Jackelén refers to Tutu’s book No Future without Forgiveness in which he describes that he was surprised that Mandela appointed him – a theologian instead of a lawyer – to chair the commission. Tutu believed that the ‘president must have thought that the work of the Commission would basically be spiritual’. Jackelén adds; ‘reconciliation is a theological term. It has a bearing concept in many religions.”
Just like Tutu does, Jackelén reflects on the concept of the ‘wounded healer’: “Perhaps one can only effectively contribute to reconciliation as a wounded healer”.
The idea behind the wounded healer is that their own experiences of pain and suffering allow them to better understand and connect with the experiences of others who are struggling. They can use their own journey of healing to guide, support, and give hope to those who are also in need of healing. (The concept was first established by Carl Jung.)
What does reconciliation take?
Jackelén takes us through four pillars of reconciliation, identified by Tore Johnsen, a Sami scholar in Norway:
1) to acknowledge the past (to establish the truth)
2) to repent (to name the hurt)
3) to restore
4) to forgive
As simple as these may sound:
“Reconciliation is not a linear process. It entails moving back and forth between the different stages. Friction, confusion and setbacks are common features in a process of reconciliation”, Jackelén says.
The Sami: Reconciliation in Sweden
In Sweden, the Truth and Reconciliation commission is frequently referred to the Truth Commission only. Jackelén believes that this is a mistake; as “truth is but one step of the process”. Albeit important, truth only represents 25 % of the job. The rest is reconciliation.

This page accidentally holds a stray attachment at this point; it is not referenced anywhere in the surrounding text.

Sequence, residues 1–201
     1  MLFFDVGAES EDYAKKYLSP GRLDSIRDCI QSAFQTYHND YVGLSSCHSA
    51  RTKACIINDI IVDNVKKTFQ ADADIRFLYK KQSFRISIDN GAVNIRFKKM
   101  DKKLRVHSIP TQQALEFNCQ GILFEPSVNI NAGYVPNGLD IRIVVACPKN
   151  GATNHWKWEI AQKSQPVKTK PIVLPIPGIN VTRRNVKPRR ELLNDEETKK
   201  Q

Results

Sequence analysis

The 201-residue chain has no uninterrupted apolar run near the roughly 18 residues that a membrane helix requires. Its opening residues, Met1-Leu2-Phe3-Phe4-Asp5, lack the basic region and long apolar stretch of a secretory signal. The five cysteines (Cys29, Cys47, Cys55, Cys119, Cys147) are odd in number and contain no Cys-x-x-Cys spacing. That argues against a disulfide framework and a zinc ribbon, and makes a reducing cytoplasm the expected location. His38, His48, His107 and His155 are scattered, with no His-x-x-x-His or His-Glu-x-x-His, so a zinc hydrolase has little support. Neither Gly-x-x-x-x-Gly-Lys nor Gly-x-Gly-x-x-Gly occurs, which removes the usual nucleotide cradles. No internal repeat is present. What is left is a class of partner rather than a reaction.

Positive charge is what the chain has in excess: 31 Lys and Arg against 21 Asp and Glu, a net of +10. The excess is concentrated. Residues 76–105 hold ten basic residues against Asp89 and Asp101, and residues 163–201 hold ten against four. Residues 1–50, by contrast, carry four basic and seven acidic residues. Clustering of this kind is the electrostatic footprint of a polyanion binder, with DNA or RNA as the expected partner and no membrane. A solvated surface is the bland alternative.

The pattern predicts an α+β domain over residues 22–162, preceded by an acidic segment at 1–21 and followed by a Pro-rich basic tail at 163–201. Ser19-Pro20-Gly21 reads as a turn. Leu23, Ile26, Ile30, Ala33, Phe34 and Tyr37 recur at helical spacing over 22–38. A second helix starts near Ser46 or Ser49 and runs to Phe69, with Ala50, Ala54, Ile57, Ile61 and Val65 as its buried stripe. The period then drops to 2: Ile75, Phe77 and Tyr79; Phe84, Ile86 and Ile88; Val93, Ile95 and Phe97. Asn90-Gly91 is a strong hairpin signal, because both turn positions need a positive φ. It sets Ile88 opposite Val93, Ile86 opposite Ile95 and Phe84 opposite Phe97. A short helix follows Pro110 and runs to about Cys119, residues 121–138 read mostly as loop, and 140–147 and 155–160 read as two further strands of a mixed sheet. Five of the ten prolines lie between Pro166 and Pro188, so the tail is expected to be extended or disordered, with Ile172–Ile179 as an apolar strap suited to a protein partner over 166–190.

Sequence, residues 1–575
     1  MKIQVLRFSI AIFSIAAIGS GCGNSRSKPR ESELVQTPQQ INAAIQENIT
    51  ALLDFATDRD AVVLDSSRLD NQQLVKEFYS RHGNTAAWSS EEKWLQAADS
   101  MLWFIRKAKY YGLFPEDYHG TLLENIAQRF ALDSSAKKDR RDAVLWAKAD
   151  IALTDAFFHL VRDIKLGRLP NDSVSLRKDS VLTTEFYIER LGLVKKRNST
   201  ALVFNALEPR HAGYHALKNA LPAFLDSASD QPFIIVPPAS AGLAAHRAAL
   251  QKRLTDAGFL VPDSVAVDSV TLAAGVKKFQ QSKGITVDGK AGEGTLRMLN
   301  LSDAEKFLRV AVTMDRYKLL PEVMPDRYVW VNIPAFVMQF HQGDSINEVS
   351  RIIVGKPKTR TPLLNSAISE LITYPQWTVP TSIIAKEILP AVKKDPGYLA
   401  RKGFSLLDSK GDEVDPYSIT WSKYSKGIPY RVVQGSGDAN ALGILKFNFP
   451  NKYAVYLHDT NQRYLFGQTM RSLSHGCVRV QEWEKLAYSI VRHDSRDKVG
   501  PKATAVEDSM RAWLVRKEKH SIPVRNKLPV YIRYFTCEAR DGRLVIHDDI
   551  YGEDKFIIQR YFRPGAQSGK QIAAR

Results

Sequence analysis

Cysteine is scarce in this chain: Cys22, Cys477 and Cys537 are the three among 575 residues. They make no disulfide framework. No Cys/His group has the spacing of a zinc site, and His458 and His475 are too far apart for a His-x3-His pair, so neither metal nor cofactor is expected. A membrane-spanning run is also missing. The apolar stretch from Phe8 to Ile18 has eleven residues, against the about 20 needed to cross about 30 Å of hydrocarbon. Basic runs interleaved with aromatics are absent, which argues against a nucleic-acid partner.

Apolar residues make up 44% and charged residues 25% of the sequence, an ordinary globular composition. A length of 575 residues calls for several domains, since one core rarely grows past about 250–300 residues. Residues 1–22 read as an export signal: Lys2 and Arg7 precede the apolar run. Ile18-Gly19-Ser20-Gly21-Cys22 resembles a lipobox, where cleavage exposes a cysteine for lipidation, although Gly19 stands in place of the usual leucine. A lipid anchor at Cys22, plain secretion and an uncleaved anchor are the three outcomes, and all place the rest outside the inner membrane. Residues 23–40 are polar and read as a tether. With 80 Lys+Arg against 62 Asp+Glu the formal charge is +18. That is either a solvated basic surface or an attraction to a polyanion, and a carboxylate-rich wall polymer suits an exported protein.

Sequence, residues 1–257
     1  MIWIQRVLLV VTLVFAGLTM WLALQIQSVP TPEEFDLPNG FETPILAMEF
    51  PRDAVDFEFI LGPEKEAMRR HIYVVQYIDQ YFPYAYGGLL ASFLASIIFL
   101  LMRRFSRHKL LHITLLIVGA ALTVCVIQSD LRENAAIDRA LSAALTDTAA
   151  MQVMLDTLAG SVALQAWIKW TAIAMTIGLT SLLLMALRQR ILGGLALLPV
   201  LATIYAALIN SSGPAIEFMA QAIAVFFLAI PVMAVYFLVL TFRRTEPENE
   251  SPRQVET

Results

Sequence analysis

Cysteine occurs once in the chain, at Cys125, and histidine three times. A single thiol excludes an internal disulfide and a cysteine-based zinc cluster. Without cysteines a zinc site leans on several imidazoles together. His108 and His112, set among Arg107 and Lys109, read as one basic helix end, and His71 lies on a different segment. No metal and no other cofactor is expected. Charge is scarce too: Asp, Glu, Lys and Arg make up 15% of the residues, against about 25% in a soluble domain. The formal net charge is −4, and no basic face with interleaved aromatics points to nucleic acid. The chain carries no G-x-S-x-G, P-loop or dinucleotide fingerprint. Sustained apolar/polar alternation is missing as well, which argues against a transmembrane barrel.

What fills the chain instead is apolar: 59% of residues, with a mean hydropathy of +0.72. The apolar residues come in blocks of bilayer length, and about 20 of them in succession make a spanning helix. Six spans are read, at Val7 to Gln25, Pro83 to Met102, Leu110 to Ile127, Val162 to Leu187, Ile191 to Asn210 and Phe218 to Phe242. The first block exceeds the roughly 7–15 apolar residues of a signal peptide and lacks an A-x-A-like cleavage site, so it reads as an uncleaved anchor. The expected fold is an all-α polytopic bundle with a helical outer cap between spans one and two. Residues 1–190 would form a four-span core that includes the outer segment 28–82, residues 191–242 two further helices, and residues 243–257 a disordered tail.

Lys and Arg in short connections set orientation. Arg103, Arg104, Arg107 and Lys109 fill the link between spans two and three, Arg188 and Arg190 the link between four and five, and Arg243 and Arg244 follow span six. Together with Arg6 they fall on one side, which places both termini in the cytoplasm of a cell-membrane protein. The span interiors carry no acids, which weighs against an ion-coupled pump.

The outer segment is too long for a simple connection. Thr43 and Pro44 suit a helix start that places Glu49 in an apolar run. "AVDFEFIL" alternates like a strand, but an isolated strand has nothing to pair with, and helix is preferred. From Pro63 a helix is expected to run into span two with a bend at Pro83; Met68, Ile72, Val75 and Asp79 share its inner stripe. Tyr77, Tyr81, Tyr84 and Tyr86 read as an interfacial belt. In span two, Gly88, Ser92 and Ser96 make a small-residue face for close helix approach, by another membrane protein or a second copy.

Reconciliation, is, as mentioned, difficult for all involved. But it is a necessity, “or else we will betray our true human dignity as well as the future of our children and grandchildren”, Jackelén says.
She shares her experience of the Truth and Reconciliation Between the Sami People and the Church of Sweden:
In 2000, the Church of Sweden stopped being a state church. As state church, it used to be involved in the colonisation of Sápmi, the Sami’s territory.
1. Establishing the truth
When the Church started to explore historical relationships with the Sami, in the 90’s,it discovered abuses committed against the Sami. The knowledge led to books and a conference.
This was establishing the truth.
2. Naming the hurt
Once truth, the first pillar, had been establish, the second, “sensitive stage” would include apologising, naming the hurt.
An official apology would come, but when?
“Moving ahead too quickly would mean the risk of not paying enough attention to the gravity of the abuse”, says Jackelén. “It could make the apology look premature and not trustworthy. Waiting too long would be risky, too.”